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Chicago Gourmet Wed Oct 01 2008
Oh, Alpana, how do I love thee? Let me count the ways... Riesling, cabernet sauvignon, pinot gris, viognier... That's at least four, right? Throw in that musical laugh and adorable stories about hanging with Argentinian wine magnate Ernesto Catena in his maze-shaped vineyard with sommeliers-cum-belly dancers. (Whoa.) Even if you're not an avowed Alpana Singh fan, you have to admit the woman knows her wines, and was sharing her knowledge for the benefit of the city's BYOB diners at Chicago Gourmet this past weekend. Focusing more on the bounty of available ethnic cuisine the city offers rather than individual restaurants, the pairing of six wines with six neighborhood styles was a great introduction to thougtful BYOB shopping. Rather than picking up some two-buck Chuck or "whatever Trader Joe's has with a cute animal label," Alpana suggested springing occasionally for a $20 bottle of wine at the supermarket, especially since the restaurant mark-up of the same wine would put it closer to $70. All the advice and a few more delightful anecdotes below the fold.
For Mexican dining, a wine that complements the condiments on the table and beats the heat is a Spanish varietal called Albarinio, which has that green, tart, zesty flavor that goes nicely with lime and a fruitiness to dull any firey cookery. Alpana noted this is sort of the wine version of a margarita, which Adam Seger has said is the most food-friendly cocktail of all. He would know. I didn't catch the name of the exact wine we tasted, but Albarinios are available at Sam's and other places in Chicago for as little as $10/bottle.
Greek food of course goes best with Greek wine -- well, when you're in Greece, and no one is pouring retsina. Greek wines are finally getting some positive attention outside the country, and Alpana recommended Sigalas Santorini, made from white assyrtiko grapes native to the island itself and that can easily thrive in the ashy, volcanic soil there. Vines grow more like bushes, close to the ocean where there's actual moisture instead of baking heat, and are trained into basket-like structures to catch the mist and spray of the waves. The wine itself is sweet and very similar to a Riesling -- so similar in its flavor and ability to age well that Alpana suggested doing a DNA grape testing and taking it to Maury Povich to see if the two are actually related. The Santorini is available in Chicago for about $18/bottle.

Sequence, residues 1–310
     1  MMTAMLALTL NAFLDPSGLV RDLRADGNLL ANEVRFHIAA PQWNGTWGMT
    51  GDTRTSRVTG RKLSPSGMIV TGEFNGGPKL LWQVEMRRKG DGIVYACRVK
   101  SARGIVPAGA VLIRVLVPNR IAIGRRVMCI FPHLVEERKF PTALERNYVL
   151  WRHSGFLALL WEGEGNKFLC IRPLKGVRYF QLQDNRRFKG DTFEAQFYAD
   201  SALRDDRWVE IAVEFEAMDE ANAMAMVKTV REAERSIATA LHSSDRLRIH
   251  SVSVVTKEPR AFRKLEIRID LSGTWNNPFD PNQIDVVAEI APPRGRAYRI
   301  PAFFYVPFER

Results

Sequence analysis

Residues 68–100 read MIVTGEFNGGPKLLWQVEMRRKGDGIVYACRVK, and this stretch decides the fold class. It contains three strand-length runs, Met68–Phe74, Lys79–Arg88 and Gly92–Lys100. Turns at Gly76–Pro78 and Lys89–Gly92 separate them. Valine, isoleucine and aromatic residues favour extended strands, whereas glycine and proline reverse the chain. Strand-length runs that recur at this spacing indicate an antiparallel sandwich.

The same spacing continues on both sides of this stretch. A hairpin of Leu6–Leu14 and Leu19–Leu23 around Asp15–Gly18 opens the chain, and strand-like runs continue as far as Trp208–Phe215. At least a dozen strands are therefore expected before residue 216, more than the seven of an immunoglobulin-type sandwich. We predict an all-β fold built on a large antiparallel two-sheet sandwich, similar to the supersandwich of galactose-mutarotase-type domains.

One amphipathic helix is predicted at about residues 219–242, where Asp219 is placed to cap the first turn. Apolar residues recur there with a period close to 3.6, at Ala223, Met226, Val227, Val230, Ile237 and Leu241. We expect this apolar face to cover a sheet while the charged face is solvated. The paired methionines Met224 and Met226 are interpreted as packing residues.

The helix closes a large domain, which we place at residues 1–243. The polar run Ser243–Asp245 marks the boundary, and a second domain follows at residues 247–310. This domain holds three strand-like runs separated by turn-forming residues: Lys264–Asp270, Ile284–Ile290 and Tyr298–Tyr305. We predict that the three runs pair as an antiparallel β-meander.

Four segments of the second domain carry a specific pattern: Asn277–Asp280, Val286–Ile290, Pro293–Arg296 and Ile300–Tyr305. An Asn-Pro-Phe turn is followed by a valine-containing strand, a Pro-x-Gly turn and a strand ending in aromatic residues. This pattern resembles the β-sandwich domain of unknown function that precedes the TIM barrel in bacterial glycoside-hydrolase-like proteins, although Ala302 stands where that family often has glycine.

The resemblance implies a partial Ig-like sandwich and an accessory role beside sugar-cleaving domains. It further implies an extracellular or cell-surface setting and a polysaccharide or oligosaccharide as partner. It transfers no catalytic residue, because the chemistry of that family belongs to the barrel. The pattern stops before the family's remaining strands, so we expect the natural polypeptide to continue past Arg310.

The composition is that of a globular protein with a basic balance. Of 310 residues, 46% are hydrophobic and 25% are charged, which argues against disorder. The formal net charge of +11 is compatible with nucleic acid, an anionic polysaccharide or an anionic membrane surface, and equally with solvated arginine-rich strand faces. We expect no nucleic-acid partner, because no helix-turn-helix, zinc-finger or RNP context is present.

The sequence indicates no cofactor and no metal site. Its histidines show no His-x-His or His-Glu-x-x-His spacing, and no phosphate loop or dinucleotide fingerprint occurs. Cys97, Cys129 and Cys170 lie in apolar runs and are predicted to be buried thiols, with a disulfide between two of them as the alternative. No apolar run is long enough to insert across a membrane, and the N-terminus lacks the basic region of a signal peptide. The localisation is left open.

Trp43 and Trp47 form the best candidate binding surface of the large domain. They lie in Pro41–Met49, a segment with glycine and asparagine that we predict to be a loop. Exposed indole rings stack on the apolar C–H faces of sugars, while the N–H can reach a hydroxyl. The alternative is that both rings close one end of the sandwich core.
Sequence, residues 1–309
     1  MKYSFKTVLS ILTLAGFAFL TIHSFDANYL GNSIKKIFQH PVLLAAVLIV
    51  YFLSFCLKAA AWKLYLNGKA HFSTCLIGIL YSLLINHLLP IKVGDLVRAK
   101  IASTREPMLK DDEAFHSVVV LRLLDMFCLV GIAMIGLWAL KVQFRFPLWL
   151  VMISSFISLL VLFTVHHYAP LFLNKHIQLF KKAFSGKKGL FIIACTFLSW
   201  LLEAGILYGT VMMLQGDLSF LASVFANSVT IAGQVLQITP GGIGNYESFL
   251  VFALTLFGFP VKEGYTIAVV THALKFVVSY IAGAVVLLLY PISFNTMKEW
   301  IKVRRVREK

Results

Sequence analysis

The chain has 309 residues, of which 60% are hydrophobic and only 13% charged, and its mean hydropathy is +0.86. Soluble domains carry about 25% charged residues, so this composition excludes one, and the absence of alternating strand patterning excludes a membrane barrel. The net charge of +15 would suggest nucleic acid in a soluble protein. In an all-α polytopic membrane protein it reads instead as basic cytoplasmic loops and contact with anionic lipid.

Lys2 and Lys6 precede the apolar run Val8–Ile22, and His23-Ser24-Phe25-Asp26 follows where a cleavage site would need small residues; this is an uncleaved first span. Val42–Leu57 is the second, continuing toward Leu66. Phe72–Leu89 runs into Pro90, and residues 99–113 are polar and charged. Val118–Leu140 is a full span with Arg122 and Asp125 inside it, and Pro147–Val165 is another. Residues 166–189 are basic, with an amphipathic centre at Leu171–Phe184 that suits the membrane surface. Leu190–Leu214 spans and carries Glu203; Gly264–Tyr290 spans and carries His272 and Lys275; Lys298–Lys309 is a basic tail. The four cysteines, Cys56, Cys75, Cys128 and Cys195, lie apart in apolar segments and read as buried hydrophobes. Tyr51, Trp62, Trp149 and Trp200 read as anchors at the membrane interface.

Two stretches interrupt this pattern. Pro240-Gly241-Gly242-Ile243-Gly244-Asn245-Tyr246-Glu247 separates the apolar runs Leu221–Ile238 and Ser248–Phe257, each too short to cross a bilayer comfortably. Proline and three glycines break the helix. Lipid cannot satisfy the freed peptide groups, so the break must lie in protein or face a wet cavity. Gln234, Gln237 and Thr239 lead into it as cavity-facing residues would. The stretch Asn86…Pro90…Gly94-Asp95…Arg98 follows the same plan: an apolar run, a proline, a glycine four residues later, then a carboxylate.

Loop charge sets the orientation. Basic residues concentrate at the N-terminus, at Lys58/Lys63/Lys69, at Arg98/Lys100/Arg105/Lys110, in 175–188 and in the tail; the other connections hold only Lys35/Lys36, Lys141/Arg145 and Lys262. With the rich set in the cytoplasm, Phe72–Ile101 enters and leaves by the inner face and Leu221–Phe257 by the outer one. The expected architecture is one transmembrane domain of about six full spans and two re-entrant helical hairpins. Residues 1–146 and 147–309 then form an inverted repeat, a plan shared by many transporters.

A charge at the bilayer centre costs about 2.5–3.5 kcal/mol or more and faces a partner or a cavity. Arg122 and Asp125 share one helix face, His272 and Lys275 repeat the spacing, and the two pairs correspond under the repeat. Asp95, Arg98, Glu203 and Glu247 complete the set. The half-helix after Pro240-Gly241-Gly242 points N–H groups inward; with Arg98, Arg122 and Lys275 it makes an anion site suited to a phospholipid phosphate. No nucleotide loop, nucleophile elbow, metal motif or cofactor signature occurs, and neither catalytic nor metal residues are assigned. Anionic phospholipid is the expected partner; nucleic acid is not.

The suggested pairing for Indian food was another sweeter wine from the French side of Alsace. Indian food is notoriously difficult to match in the glass, because of the extreme variety of its flavors and preparations. But the peachy, tropical flavors of an Alsatian white can act much as mango chutney or tamarind sauce would in cutting the heat and softening the complexity of the flavors on the plate. Alpana suggested the Marcel Deiss 2005 Pinot Gris, which comes in at about $25/bottle, a wine that would also be a lovely compliment to a creamy soft cheese, pate, or...bacon. Oh, I love this woman's mind. If pairing a white with your curry is just too crazy, fruitier reds like a Beaujolais or zinfandel can work in a similar fashion, and Alpana suggested chilling them down before drinking to further open up those sweeter flavors.
The round, supple but peppery and berry flavors in a red like Bonny Doon's Cigare-Volant make it a great foil for the spiciness of cumin and other flavors in Middle Eastern food. Alpana suggested other Rhone or Chateau Neuf style wines would be nice for eating out at a restaurant like Sayat Nova in the city, or a Spanish-style Grenache. Cabernet is the perennial pretty girl at the dance when it comes to BYOB reds, but the sheer cost of Napa real estate makes a pound of cab grapes go to market at upwards of $5000 per ton -- which makes a quality bottle of cab around at least $100. Experimenting with geography and similar varietals can be a cheaper way to experience a similar tasting and feeling wine.
For Italian food, a red with the tartness to stand up to tomato sauce, pizza, mushrooms and steak is called for -- such as the Syrah-like Aglianico from the Naples area in the motherland. The smoky smell, sour cherries and brittle oak leaves flavors make it a good wine for winter food in general, especially braised dishes. But will it be as good as sipping it on an autumn terrace from whence it came? "People always ask me why Italian wine tastes better in Italy. They're like, is it the sulfites?" Alpana noted, "No... It's because you're in Italy!" Makes sense to me.
And finally, the BYOB pairing for Asian (well, Chinese or other similar cuisine -- not sushi) was the Argentinian Malbec Tikal Amorio from the aforementioned playboy and polo player Ernesto Catena. The rich wine has the round structure of a cab, but with a sweeter, softer feel and a ripe plum overtone that works really well with Chinese food, particularly soy, black bean or hoisin sauces. Alpana also noted that she'd recently picked a by-the-glass Malbec for Big Bowl, and that the category is really coming into its own as the number three by-the-glass option at restaurants today. While the Tikal Amorio is about $40 retail, plenty of good Malbecs can be found in the $12-15 range, and are great everyday wines not just for Asian food, but peanut butter and jelly as well. Hey, if Alpana thinks it's worth a shot, who am I to argue.